itlog ng bayawak in Tagalog
itlog sa halo in Cebuano
itlog sa hawo or itlog sa haw in Boholano
illuk alivo in Itawis
A bowl of boiled (half-cooked) ebun a barag presented during the sneak preview of MarQuee Mall's "Big Bite! The Northern Food Festival" in Angeles City last week
ebun a barag - (e-bun a ba-rág; Capampangan exotic food) [n.] monitor lizard’s egg \the egg of bayawak
The pliant shell of the egg would shrunk after it is boiled (half-cooked) causing the surface to dent
The taste of ebun a barag is agreeable. It reminisces the taste of masabaw na balut penoy. A friend, Kenny Ngo of Life is Kulayful gestures with approval after trying ebun a barag
Another friend, Az Coladilla of Azrael's Merryland Blog, seems to be fascinated also by the ebun a barag. A rare exotic delicacy of Pampanga.
Its egg yolk is cream-colored and the egg-white is transparent.
The yolk is creamy-white and does not hold any shape. When squeezed out, the yolk would flow like toothpaste. The albumen (egg-white) is transparent and coagulating like that of chicken egg and flow thin (watery)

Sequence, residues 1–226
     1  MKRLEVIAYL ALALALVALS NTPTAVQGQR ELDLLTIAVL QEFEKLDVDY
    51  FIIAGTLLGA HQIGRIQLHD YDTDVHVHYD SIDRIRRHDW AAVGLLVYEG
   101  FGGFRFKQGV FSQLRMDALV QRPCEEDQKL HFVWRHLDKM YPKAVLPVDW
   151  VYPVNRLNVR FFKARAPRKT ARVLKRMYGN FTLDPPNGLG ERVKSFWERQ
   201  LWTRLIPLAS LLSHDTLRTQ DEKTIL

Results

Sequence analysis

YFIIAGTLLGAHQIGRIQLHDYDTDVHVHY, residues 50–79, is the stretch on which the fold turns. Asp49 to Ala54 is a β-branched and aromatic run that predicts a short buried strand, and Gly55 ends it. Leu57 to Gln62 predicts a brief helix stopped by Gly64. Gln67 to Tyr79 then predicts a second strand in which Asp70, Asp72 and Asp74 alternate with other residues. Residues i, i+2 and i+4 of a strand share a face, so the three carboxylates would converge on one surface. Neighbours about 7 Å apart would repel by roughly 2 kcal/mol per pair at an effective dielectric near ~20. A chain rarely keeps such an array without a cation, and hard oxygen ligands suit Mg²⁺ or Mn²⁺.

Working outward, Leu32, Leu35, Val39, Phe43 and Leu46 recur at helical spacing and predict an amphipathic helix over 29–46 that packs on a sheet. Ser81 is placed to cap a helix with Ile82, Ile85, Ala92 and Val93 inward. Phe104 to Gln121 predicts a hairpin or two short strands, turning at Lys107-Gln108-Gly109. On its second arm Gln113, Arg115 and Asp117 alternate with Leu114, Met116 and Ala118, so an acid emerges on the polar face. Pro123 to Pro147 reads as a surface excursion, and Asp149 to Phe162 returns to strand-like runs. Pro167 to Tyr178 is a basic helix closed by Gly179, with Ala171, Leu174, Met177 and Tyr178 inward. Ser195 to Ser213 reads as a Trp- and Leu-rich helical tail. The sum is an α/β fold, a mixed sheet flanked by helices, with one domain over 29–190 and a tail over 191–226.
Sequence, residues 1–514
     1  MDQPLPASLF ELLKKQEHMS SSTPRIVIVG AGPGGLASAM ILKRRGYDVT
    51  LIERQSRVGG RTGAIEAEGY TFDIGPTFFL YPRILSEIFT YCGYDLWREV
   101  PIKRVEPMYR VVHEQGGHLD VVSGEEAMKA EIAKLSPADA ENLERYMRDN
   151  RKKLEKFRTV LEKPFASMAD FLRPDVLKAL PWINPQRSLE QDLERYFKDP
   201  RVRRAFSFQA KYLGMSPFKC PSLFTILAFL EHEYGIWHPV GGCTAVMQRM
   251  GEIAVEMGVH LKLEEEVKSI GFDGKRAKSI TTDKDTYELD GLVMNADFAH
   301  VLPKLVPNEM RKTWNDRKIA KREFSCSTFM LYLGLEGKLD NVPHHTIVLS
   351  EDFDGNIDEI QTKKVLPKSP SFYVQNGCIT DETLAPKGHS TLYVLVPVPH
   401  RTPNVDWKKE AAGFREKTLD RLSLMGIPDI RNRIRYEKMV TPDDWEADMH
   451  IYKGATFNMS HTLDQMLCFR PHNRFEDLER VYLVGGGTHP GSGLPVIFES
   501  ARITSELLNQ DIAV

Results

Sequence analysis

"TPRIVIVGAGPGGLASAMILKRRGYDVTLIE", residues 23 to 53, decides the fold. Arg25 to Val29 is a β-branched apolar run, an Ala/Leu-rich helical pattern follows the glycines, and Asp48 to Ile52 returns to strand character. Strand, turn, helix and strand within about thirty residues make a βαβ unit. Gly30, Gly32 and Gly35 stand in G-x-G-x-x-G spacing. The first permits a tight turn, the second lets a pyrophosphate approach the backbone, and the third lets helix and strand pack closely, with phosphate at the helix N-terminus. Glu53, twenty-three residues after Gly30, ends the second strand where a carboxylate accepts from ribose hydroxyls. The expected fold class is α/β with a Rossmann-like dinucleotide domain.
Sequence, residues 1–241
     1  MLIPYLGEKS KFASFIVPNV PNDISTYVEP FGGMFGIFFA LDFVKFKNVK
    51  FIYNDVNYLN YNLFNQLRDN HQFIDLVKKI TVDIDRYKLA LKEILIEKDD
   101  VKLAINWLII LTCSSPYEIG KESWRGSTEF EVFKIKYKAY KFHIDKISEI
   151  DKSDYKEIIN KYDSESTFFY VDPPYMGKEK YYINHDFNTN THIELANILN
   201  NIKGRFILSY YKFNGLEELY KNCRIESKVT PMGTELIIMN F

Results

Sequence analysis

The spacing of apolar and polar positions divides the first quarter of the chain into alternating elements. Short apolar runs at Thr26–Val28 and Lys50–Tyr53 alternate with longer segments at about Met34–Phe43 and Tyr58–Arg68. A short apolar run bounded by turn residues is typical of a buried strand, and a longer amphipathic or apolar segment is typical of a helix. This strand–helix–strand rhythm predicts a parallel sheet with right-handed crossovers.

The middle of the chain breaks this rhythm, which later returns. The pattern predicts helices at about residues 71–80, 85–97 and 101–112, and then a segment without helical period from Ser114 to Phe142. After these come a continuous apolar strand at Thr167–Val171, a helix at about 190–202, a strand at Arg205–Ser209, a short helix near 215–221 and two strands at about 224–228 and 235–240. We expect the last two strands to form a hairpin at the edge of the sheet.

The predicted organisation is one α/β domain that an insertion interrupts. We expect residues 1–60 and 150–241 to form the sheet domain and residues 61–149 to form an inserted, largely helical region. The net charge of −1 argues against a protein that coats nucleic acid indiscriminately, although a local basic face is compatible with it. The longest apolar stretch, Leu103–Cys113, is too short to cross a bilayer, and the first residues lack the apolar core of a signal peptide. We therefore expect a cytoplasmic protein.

The Capampangans would boil the bayawak’s (monitor lizard’s) egg as malasado (half-cooked) and eat the cooked egg by puncturing a hole on the top side of shell then squeeze the pliant shell. The egg’s content is often spread on hot, freshly cooked rice.
The pliant shell of spent egg would just deflate like a busted pingpong ball. Unlike the shell of chicken egg, the shell of ebun a barag would not crack or brittle
Its tastes similar to the balut penoy egg that is masabaw (moist and juicy)
RJ Ledesma, co-founder of Mercato Centrale, sips ebun a barag during the sneak preview of MarQuee Mall's "Big Bite! The Northern Food Festival" in Angeles City last week.